• • •
For we are now at the point at which the Buddhist has become the leader of a movement, and it is at this point, just prior to his relocating, that he acquires his little dog. The little dog is a black Labrador and he calls it Sancho. Buddhists are kind to animals, and leadership is about incorporating soft values into work structures, and Sancho is soft. The Buddhist puts the dog on the floor of his Berlingo, and drives away from the South Harbor. The Buddhist is now on his way to Århus with plans for his life and for the world. He has an inflatable mattress on the rear seat and ten pairs of clean underpants. He has plans for the world and the key to a provided residence in Århus. He is the new president of the aid organization People to People and he has been in the newspapers. Now he is driving toward a greater future than the one he envisaged before. He is driving toward the kind of future that women will appreciate. Who knows, he may even meet the Foreign Minister one day on a plantation in some developing country with himself as host for the whole thing. He smiles at the thought and stops the car only when Sancho needs to urinate. He himself is a Buddhist and urinates only when he wants to.
• • •
It is at a rest area west of Odense while the dog is urinating that he happens to look at his car, the Berlingo. He thinks about how it is just the right car for him. From headlamp to tailgate the Berlingo signals roominess. The particular design of the model with its sliding rear doors makes it that much easier getting in and out with school bags, groceries, and the desire to make a difference in the world. You couldn’t say the Berlingo was a sexy car, the Buddhist thinks. But that’s okay, because the Berlingo is meant to signal inner, rather than outer, values. The design is meant to indicate that the owner is practical, reliable, and flexible. The fact that the Berlingo is a safe car is hardly immaterial either. Around the cabin is a metal frame said to be so solid that nothing bad can ever get to anyone inside.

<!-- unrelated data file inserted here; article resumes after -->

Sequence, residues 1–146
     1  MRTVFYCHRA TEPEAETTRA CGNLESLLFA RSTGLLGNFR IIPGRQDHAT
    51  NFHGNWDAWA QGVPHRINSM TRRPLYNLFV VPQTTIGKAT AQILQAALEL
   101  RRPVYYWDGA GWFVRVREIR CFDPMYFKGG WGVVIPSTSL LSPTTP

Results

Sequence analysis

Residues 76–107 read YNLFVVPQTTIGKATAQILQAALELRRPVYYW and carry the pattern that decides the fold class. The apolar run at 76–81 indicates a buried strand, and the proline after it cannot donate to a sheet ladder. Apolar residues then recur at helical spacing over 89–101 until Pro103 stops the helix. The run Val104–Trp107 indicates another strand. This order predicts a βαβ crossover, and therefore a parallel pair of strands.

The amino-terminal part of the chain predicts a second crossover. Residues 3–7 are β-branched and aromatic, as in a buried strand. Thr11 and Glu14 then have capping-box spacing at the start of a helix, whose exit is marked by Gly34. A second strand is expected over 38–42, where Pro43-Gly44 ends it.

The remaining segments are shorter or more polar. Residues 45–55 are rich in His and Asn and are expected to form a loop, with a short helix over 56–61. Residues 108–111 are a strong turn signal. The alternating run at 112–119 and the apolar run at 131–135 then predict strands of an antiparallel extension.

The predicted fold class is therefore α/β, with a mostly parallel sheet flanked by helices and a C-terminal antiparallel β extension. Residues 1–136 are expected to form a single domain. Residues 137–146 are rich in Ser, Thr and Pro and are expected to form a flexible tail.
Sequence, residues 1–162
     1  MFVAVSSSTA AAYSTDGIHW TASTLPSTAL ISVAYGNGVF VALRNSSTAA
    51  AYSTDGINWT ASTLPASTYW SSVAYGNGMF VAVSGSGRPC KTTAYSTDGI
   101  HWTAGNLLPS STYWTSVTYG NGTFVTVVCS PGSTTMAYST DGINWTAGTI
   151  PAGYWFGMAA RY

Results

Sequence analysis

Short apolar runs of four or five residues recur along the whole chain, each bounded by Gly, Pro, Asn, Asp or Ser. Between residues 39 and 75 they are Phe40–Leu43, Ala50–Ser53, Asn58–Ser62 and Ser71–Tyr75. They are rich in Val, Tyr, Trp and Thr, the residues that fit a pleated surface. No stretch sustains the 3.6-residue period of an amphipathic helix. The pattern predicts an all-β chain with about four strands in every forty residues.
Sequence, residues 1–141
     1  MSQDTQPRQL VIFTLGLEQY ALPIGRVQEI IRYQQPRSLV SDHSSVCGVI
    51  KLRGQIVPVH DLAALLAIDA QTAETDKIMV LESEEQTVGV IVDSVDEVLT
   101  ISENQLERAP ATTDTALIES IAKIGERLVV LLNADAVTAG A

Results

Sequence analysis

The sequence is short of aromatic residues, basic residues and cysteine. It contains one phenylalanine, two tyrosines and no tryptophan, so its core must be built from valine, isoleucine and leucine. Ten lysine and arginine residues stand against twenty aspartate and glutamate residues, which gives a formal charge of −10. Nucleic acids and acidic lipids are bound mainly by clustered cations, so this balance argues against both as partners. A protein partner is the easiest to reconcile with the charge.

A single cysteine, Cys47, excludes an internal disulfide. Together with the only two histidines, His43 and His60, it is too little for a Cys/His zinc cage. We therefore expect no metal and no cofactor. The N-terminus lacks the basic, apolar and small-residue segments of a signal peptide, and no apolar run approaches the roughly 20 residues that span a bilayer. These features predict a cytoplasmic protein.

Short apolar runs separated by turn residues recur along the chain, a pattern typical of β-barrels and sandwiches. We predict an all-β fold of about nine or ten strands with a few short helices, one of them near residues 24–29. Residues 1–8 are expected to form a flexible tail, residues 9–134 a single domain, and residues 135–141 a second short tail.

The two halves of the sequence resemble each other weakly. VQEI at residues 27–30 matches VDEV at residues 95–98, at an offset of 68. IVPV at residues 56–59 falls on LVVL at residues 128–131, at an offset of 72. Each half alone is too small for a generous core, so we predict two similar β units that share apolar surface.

The Buddhist puts the dog onto the floor of the car again and as he drives away from the rest area he realizes that the Berlingo is yet another sign from the Universe. He is driving the safest car on the market. He is driving a car in which no one can die. But even though dangerous things like death can’t get into the Berlingo from the outside, that doesn’t mean danger is not already inside the car. It strikes the Buddhist that if he were a force of evil in the world, then he would be afraid of himself. If I were evil, I would hate me, the Buddhist thinks. And if I were someone who wanted to do good in the world, what car would I choose?, the Buddhist asks himself as he overtakes a Volvo with Swedish license plates. It’s a hypothetical question. The Buddhist has already chosen the Berlingo.
• • •
It appears a short moment after he overtakes the Volvo: the omen. The Buddhist receives an omen, and the omen manifests itself above the Lillebælt Bridge, which he is now approaching. In the sky over Fredericia, or perhaps even the whole region, he sees a great halo. The closer he gets to the Lillebælt Bridge, the brighter becomes the halo. The moment the wheels of the Berlingo touch the Lillebælt Bridge, the gray metal of the Lillebælt Bridge is transformed into a shining Bifröst arching across the strait and stretching up into the sky. It is like a mirage and yet quite real. The Buddhist is driving on an astral body and he is heading in the direction of the heavens. Down in Denmark, far below him, people scurry out into their gardens and point up at him and the Berlingo. They point at the red Berlingo driving across the sky as though it were Halley’s Comet. The Buddhist feels the energy rushing into him from the Universe and lets himself be driven in great sweeping movements through the clouds. He waves at Denmark below, and parts of northern Germany, and then eventually he arrives at a shining gateway. He does not inquire of himself whether he is supposed to drive through the gateway. He is the Chosen One. The whole meaning of the gateway is for him to drive through it, and so he does. He drives until the car stops all by itself, high above central Jutland. He takes the dog under his arm, opens the door and steps out into the heavens. He can walk on the clouds. He cannot fall, and he senses a figure in orange garments, with a clean-shaven head and large spectacles coming toward him. There is no need to look closer; it is obviously the Lama. The Buddhist kneels and hopes that the dog will not urinate at this hallowed moment. He dares not lift his head. He feels like a pixie and wants to tell the Lama so, but he dares not lift his head to look at him. He thinks that if pure goodness looks at pure goodness something might explode. Thank you, he says simply. Thank you for your goodness and wisdom, and the Lama lays his hand on his head and replies: Don’t mention it, my boy, and remember now, it takes chaos to birth a dancing star.